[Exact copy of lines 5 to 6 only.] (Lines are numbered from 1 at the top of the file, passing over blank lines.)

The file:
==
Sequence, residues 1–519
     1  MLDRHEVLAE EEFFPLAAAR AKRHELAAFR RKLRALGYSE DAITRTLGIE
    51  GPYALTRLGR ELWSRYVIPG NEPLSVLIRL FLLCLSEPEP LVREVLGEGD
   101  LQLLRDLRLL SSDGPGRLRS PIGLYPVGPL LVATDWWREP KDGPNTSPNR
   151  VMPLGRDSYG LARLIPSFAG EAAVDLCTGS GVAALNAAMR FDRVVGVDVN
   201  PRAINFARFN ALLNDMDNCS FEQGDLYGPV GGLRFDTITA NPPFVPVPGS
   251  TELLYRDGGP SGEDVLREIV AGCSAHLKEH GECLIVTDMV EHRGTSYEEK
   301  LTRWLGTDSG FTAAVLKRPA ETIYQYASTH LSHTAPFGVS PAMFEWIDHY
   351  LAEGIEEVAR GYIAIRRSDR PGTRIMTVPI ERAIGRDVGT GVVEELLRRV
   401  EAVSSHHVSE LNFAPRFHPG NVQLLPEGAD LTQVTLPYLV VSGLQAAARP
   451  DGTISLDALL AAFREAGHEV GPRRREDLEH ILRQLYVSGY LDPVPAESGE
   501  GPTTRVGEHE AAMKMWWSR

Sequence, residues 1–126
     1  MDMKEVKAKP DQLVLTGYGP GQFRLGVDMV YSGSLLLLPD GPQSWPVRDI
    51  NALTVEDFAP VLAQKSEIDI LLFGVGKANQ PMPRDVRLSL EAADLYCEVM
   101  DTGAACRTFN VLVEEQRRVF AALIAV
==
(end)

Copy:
   151  VMPLGRDSYG LARLIPSFAG EAAVDLCTGS GVAALNAAMR FDRVVGVDVN
   201  PRAINFARFN ALLNDMDNCS FEQGDLYGPV GGLRFDTITA NPPFVPVPGS